Let me begin by taking you back to France in the late 1700’s, King Louis XVI would sit down and eat a rather large meal. Now the King was no shy eater and would demolish an entire roast chicken, pork roast, and still make room for a dozen chocolate sprinkled pastries. The rest of France was pretty poor by comparison, not much food, hardly any cash and absolutely no chocolate sprinkled pastries. But it wasn’t so much the poor that started the whole ‘let’s get rid of the greedy pastry eating aristocracy’ way of thinking. Most of the monarchy-bashing came from the middle class liberals known as philosophes (thinkers) who could afford to sit around in coffee houses debating about why they had nothing to dip into their drink. You see these people had seen what it was like to have food and money; they had seen the rich stuffing down their pastries. And that’s a little how I feel every day. I get a glimpse of luxury. I take my Bump off and I know what it’s like to be 15kg lighter for 15 minutes, it’s bliss. So I’m revolting, I’m going to try 2 days without taking Bump off at all. I’m going to towel wash until I become, well, revolting.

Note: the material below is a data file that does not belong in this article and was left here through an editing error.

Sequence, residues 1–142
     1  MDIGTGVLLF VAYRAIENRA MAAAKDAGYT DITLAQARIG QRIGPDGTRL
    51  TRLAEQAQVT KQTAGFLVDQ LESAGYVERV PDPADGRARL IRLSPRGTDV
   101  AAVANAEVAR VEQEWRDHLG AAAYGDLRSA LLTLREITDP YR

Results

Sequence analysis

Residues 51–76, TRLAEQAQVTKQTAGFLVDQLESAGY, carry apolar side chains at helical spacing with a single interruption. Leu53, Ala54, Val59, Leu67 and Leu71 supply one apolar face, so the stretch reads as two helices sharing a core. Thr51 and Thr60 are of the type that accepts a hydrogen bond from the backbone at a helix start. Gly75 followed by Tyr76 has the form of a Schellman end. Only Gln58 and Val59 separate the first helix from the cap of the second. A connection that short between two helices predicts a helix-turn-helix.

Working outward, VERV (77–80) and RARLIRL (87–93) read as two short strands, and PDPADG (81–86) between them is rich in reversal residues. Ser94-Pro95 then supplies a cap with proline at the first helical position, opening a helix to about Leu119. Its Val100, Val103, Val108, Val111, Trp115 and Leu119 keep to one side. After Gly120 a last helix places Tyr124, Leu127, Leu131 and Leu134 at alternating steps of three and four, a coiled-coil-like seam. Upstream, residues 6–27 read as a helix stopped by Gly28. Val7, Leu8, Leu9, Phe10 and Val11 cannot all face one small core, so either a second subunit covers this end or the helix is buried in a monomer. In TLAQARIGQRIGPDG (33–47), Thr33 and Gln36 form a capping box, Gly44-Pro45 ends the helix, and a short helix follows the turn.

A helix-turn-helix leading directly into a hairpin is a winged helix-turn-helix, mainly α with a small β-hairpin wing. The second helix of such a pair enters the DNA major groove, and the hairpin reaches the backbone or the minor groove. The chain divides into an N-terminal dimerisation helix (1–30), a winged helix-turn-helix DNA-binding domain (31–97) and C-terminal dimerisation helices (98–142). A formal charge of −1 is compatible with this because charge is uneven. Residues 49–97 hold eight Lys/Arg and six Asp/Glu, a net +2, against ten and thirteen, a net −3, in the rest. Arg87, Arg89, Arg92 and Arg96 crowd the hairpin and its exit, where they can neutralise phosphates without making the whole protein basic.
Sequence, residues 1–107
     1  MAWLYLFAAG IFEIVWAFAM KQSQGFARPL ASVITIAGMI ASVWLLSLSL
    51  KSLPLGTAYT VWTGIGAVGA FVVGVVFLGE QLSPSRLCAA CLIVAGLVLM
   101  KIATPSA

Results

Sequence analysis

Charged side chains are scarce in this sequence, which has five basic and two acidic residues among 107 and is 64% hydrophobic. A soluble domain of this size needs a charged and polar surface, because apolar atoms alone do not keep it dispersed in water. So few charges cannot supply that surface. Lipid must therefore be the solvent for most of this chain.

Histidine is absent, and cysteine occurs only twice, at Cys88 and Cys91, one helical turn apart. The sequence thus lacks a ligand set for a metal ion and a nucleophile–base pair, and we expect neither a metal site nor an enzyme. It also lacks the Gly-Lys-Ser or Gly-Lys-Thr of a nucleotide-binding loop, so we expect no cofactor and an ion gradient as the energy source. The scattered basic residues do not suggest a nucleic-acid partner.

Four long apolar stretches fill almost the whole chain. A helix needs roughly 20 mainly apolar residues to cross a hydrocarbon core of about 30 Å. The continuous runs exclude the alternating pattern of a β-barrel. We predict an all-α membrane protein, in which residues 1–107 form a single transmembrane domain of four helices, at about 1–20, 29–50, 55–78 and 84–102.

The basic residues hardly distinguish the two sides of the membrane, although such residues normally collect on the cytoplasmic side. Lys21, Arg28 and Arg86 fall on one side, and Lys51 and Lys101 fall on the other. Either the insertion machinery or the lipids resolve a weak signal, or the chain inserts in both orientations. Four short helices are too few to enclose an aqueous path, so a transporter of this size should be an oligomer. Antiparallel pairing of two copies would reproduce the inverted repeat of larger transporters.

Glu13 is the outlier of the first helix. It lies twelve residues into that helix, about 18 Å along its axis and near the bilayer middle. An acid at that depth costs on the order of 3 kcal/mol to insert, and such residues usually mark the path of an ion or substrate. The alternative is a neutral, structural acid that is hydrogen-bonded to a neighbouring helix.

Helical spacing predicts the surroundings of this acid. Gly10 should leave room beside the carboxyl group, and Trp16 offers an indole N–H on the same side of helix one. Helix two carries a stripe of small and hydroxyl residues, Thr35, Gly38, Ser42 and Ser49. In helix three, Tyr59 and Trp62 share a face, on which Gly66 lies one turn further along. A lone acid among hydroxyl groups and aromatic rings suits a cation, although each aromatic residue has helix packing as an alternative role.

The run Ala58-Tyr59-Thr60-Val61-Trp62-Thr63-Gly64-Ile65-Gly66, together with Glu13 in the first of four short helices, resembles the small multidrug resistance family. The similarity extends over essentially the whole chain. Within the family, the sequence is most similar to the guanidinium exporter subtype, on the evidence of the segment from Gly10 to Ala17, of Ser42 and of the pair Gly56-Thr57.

I am now wishing away my days. It’s noon and I’m thinking 10 more hours then bed. I go to bed and I’m thinking that’s another day over, only 11 days left. This isn’t like me; it’s not like anyone that I like. I’m never one to wish away my days, but that is exactly who I have become, a miserable daywishawayer. So I want to spice things up a little, I want to have a bit of fun. I want you to challenge me. Give me something to do, help get me through the last 11 days. Be as serious or as silly as you want. Ask me to go and buy a maternity dress, get me riding crossbar on Jason’s bike, learning to tap dance dressed as a hippy. Come on people help me get through this.

This whole thing is getting a bit too real now, I feel ill, I’ve developed a real scowl and I’m not too pleasant to be around.

I remember my wife being a bit of a gremlin while pregnant with Saul. I was the usual kind of bemused bloke husband that kept my head down and kept my focus fixed on the finish line. I had no idea, why she was so angry, then tearful, then happy, then angry again about almost everything. I simply shrugged it off and tried to support her whenever I could. Most of what I tried to do to ‘fix’ the situation just made things much worse. I realize now that I didn’t need to fix anything but to be there to take some of the flack and keep the peace wherever I could.